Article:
Abacus, Schools, and Petitions

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bluefoxicy
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Abacus, Schools, and Petitions

Postby bluefoxicy » Wed Nov 02, 2011 2:50 pm UTC

Well may as well put this up front.

http://wh.gov/b1c

Petition to use the Soroban in elementary schools to teach basic Math. It needs 150 signatures to show up at all, and 25000 in a month to get any attention. I assume these are countermeasures to make sure one man can't change the world... well, one man who isn't Rupert Murdoch. I'm sure I could do this if I had a large platform to scream at the whole world from--they would listen if I owned Fox News.


Politics (and thinly veiled attempts to get an XKCD comic about the Soroban drawn) aside, I think there's a great argument for using the Soroban as a teaching tool in classes. More importantly, I think there's a great argument for importing knowledge from around the world.

The Soroban is the standard teaching tool for mathematics in Japan.

That's important point number one here: freaky foreign junk we obviously don't need because their superior math is obviously a function of our large class sizes holding us back, not their superior teaching methods.

The Soroban is used to teach elementary math, and also to teach anzan--mental calculation. Anzan culminates in third grade, where students watch a monitor flash numbers by at high speeds (up to around 3 numbers per second), 3-5 digits with floating decimal point, in the real number set (positive, negative, decimals). After 5-8 numbers, they quickly write down the sum of all numbers they've been shown. It's instant, rapid mental math, only doable with superior Japanese math skills.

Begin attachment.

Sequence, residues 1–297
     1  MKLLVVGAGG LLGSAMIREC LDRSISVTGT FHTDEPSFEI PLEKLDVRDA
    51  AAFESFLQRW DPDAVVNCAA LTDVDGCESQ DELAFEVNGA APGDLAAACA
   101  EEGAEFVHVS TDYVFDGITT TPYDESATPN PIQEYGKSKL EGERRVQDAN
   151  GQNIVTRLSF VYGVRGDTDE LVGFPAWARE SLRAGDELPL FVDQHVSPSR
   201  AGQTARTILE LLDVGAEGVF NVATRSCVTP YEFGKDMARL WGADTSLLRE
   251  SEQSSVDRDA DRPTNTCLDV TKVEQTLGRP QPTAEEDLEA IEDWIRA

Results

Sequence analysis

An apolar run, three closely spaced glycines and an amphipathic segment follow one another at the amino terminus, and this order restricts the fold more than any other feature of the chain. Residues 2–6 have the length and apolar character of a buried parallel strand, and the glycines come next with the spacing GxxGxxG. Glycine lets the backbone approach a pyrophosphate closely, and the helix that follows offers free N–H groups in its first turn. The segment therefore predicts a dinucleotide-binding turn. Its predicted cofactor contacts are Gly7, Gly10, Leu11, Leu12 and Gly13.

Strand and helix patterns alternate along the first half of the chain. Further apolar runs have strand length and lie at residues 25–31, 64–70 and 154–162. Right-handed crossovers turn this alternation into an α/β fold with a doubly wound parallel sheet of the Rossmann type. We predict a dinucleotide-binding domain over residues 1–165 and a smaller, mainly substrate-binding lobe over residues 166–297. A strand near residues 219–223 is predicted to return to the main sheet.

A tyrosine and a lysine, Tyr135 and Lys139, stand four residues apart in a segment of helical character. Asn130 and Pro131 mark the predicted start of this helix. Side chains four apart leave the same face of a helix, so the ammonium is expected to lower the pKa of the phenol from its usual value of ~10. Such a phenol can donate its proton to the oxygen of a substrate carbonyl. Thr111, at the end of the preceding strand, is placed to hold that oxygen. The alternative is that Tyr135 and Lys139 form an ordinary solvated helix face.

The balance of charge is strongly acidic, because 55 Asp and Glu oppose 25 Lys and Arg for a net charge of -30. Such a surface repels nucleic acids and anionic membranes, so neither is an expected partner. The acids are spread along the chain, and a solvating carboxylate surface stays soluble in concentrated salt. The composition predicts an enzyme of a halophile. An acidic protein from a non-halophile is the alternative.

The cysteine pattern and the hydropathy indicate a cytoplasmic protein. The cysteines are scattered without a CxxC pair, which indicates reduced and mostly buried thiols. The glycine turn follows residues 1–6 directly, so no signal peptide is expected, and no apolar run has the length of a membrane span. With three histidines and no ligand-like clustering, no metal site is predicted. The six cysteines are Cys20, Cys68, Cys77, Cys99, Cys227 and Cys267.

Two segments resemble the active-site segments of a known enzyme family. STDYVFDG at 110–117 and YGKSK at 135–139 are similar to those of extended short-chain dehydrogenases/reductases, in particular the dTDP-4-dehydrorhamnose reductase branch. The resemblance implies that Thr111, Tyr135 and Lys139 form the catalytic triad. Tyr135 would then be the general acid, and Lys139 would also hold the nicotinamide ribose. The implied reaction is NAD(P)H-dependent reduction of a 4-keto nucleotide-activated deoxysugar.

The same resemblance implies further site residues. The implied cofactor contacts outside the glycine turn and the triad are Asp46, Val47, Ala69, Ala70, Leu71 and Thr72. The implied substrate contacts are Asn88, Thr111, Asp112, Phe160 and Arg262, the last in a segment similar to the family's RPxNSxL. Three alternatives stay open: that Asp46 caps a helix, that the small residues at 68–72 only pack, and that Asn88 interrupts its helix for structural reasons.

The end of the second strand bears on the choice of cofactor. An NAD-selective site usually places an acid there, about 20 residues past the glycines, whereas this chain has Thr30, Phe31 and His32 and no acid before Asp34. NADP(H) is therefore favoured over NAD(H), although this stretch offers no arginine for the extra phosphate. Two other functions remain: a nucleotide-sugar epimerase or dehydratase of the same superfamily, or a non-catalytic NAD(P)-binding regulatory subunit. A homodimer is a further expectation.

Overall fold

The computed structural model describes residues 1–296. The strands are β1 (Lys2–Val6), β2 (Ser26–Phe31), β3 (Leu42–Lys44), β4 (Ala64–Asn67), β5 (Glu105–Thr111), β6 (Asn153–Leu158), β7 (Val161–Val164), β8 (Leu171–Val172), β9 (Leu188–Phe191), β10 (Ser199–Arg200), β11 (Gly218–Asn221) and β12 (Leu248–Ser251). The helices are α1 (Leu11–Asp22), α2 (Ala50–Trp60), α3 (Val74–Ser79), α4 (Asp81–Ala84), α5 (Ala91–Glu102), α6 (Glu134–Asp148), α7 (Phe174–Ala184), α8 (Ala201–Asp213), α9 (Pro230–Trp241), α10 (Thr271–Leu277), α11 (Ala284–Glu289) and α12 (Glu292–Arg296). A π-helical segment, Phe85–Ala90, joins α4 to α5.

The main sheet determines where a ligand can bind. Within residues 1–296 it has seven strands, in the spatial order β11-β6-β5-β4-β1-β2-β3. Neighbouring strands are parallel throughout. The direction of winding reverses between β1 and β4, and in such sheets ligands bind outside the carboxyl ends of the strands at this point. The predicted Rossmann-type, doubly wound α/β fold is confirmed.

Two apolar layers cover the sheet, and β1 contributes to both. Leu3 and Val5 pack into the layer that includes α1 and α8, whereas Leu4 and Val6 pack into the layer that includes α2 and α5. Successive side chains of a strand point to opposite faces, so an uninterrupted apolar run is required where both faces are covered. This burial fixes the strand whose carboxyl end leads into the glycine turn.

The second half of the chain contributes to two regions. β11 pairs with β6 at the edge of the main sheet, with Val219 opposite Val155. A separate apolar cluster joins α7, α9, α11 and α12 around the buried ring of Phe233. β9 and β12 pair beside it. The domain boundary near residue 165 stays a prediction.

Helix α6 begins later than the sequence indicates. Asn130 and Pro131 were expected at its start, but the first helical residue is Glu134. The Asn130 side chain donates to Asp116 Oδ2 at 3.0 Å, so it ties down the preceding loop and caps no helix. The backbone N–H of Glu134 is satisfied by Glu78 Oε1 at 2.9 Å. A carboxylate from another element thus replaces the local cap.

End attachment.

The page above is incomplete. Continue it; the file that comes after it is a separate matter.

I believe that a foundation in strong arithmetic supports a stronger grasp of Algebra. We know that a strong foundation in Algebra supports all higher maths--Geometry, Calculus, Statistics--as well as the mathematical sciences--Physics, Chemistry, and so on. Therefor I believe we need the best method of teaching Arithmetic in order to lay the basis for all math and sciences education and give students confidence in their math skills.